Why He Answers

Previously, I wrote about four foundational truths we affirm when we pray, and then I followed up that article with another in which we reflected on God’s ability to do far more than we ask or think

When we think of prayer and why God answers our prayers there are a few reasons God answers them (this is not exhaustive nor are they all equally present all the time). 

One reason is to reveal his attributes. When God answers our prayers, he is revealing an aspect of his attributes. When he answers a prayer that has to do with helping with a problem and the solution comes to mind, he is revealing his knowledge and wisdom (often referred to as his omniscience). When he provides for a tangible need through an unexpected avenue, this might reveal his sovereignty in guiding humanity. As you reflect on the times he has answered your prayers how have they revealed to you some aspect of his attributes? 

Another reason he answers our prayers is for him to get glory. When he shows up and answers our prayers in agreement with what we’ve asked, then he gets glory. It shows us and others that he is capable to answer our prayers. Answered prayer is a powerful testimony to who God is and they provide us a powerful opportunity to testify to others about him. We get to brag on God and essentially get to say “look at how great my God is!”. There are countless stories in the Old Testament and the book of Acts when God showed up that provided powerful testimonies to God’s power. When God answers prayer in our lives he is giving us an opportunity to tell others about what he has done. Can you think of times where you have prayed and God answered in a powerful way that you simply had to tell someone else about it? 

A third reason is that it reveals his character. When we pray for God to answer a need and he answers, it shows us that he cares for us. When Jesus taught the disciples to pray he said “our Father”, which is his character and disposition towards believers, his children. He already knows that we need these things and he will provide for them. Jesus also told us that God will give good gifts to his children, not harmful ones. So there are times where his “no” is actually revealing his good character to us. In a similar way when we pray for wisdom he willingly gives it according to the book of James. What good father does not want to help his children with the problems they face? How and when he answers prayers reveals his character to us. When in your life has his answers to your prayer revealed his character to you or others?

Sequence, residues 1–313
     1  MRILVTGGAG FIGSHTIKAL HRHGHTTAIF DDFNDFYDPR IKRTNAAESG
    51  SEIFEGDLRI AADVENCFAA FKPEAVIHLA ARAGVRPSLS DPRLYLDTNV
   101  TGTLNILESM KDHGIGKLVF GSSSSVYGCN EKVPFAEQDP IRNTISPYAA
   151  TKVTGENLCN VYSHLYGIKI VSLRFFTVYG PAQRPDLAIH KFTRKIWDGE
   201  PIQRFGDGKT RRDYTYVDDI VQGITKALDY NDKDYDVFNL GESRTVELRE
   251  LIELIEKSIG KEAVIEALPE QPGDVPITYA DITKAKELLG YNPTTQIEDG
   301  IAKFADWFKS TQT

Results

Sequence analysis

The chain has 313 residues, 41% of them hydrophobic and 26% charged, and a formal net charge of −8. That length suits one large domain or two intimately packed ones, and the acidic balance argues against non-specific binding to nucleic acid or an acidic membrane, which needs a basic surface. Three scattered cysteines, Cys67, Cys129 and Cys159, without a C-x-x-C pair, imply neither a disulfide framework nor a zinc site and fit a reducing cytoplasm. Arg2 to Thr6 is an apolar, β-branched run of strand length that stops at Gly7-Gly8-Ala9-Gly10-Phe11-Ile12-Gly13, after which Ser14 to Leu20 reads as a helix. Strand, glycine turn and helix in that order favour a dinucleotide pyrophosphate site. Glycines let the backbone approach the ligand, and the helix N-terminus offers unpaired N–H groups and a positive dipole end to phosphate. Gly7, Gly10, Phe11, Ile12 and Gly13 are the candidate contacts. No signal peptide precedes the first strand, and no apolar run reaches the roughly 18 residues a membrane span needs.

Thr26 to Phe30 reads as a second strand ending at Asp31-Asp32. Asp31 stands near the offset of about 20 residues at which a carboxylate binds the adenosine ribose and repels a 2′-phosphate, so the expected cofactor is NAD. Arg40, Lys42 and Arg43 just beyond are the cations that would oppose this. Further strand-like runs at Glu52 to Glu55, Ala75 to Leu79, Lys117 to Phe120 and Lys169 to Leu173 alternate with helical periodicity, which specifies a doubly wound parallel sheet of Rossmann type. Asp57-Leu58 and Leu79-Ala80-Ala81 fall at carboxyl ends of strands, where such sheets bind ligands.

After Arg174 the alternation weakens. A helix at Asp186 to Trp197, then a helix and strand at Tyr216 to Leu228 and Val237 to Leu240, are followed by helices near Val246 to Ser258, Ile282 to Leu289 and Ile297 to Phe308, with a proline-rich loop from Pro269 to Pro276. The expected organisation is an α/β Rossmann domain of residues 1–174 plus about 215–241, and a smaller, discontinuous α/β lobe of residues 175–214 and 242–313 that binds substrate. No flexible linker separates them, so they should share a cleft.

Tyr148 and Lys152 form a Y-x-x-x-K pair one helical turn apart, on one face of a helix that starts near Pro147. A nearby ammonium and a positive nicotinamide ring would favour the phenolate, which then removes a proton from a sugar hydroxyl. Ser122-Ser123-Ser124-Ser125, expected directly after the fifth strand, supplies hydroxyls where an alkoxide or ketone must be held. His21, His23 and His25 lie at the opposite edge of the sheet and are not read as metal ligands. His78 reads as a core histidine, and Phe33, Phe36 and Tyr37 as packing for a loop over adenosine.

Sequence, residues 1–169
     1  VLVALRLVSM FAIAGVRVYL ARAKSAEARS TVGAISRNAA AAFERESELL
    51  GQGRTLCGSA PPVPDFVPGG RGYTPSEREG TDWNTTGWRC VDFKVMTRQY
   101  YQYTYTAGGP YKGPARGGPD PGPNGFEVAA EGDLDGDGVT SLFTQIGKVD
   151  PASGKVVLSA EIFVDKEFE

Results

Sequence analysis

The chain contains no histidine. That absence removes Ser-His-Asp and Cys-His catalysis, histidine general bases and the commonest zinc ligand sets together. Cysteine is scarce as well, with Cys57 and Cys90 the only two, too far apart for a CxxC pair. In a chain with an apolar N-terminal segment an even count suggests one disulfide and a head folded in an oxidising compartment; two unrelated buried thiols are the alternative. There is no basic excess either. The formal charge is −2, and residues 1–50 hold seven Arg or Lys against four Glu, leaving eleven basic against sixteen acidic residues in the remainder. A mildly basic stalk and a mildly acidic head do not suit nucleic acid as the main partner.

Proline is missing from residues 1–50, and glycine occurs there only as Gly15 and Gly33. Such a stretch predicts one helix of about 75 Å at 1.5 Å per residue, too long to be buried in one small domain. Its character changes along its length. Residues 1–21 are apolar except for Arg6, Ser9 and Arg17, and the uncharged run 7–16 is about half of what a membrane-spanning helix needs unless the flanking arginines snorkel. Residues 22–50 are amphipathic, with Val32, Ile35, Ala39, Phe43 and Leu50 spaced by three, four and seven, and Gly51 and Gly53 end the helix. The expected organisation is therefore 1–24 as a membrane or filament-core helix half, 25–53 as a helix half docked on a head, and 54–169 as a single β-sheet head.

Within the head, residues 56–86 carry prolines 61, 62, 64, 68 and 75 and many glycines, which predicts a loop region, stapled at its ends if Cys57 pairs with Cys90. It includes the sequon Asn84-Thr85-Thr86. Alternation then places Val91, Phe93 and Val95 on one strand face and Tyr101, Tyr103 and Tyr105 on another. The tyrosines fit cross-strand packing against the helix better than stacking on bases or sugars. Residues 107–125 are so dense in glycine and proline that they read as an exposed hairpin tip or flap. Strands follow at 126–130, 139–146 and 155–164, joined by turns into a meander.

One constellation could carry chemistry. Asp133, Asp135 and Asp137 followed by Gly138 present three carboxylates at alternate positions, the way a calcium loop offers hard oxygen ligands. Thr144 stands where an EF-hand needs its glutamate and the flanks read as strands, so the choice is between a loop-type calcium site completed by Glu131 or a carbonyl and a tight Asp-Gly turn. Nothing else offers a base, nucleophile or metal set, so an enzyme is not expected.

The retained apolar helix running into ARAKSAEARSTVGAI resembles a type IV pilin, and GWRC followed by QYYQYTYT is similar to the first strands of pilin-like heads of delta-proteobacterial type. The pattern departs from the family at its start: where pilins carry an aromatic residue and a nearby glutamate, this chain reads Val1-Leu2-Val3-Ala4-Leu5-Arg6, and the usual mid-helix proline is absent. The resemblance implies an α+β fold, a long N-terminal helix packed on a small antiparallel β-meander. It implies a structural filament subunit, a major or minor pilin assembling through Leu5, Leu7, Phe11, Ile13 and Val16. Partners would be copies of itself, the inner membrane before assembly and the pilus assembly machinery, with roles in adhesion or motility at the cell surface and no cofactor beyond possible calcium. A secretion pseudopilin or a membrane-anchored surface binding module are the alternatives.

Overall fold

A fourth aspect, and perhaps most critical of all, is that it builds our faith. The how and when of the answers to our prayers is to build our faith. When Jesus prayed at the tomb of Lazarus he said it was not for his benefit but for others to believe that the Father had sent him. When the Apostle Paul prayed for his thorn in the flesh to be removed, God told him no so that he might not become conceited, but instead remain dependent on God. God was using Paul’s thorn in the flesh to build his faith. Jesus was using his prayer for Lazarus to be raised to build the faith of those around him. How has his answers to your prayers built your faith?

As you consider praying for your English Language Ministry, how can these aspects of why God answers prayer better inform your prayers? Are you praying in such a way that these things would happen through your prayers? I hope as you consider them they will lead you to more prayer and impact your motivations to pray.

This is the third in a series of 4 articles on Prayer by pastor and author Jon Varner, who just released his new book Prayer Sparks: The Gospel of Mark. Read the rest of the series:

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